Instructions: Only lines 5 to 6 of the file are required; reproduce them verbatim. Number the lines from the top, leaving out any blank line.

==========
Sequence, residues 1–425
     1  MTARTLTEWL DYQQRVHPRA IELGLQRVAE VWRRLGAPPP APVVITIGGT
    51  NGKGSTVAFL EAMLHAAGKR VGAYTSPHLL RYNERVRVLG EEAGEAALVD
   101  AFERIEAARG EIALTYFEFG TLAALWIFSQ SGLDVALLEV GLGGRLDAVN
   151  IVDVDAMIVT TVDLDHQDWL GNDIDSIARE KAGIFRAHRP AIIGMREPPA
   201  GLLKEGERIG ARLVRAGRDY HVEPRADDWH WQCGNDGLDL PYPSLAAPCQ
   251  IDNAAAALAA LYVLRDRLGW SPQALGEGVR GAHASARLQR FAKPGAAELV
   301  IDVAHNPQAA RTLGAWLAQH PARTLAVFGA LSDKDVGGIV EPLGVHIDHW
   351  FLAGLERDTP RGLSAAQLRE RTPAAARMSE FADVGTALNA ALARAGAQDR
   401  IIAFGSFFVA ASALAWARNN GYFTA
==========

   151  IVDVDAMIVT TVDLDHQDWL GNDIDSIARE KAGIFRAHRP AIIGMREPPA
   201  GLLKEGERIG ARLVRAGRDY HVEPRADDWH WQCGNDGLDL PYPSLAAPCQ